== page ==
(Reuters) - More than 26,000 children and adolescents are injured on farms and ranches in the United States every year, racking up costs of more than $1.4 billion -- but only 84 of these were fatal, according to a new study.
The findings, published in the journal Pediatrics, were the first to give an overall estimate of fatal and non-fatal child injuries related to farm life in the United states.
"The cost of youth agricultural injury is substantial, comparable to the costs of more frequently discussed risks such as unintentional child poisoning," Eduard Zaloshnja of the Pacific Institute for Research and Evaluation in Beltsville, Maryland, and his colleagues report.
The study used data based on the 2001-2006 Childhood Agricultural Injury Surveys. Fewer than a third of the injuries were work-related.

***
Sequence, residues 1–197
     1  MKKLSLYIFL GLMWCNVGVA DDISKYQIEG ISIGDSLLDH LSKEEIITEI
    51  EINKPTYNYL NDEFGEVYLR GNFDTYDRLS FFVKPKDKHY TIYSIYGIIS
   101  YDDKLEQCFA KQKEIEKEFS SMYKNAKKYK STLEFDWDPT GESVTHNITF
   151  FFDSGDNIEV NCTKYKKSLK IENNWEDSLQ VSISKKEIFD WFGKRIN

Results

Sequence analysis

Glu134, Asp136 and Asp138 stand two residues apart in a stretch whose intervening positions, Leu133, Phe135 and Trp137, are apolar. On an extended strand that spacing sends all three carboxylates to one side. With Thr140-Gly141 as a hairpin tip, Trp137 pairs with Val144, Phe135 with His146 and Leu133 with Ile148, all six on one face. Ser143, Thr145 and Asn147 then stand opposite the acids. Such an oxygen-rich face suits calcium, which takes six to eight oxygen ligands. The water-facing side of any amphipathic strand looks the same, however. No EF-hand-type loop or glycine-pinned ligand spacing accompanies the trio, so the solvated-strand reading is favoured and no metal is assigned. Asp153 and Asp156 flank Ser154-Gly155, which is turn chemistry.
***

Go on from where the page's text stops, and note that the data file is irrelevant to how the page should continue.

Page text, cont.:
In 2001, about 1.1 million U.S. children and adolescents were living on farms or ranches. Fourteen percent of the injuries that occurred there led to hospitalization, compared to just 1.4 percent of the nation's child injuries overall.
"We know that agriculture injury is usually more severe than injuries to other types of audiences," said Dennis Murphy, an agricultural safety expert at the Pennsylvania State University in University Park, who was not involved in the new study.
"It's usually because of the equipment that's being used. It's powerful machines that will tear you apart very quickly."
The report shows that deaths were typically due to injuries from machinery, fire or explosions. Falls and transportation were the most common reasons for non-deadly injuries.
"There are a lot of hazards for kids on farms, but there are also a lot of good things going on. They are learning work ethics, they are learning responsibility," Murphy added.
He added that parents should pay more attention to their children's safety on farms and not let them handle equipment or do chores they aren't ready for.
"We know that most parents almost always overestimate their kids' abilities when it comes to work tasks," Murphy said.
"Kids should not be in a rush to do adult things with tractors and other machines." SOURCE: http://bit.ly/cxXOG
(Reporting from New York by Frederik Joelving, editing by Elaine Lies and Bob Tourtellotte)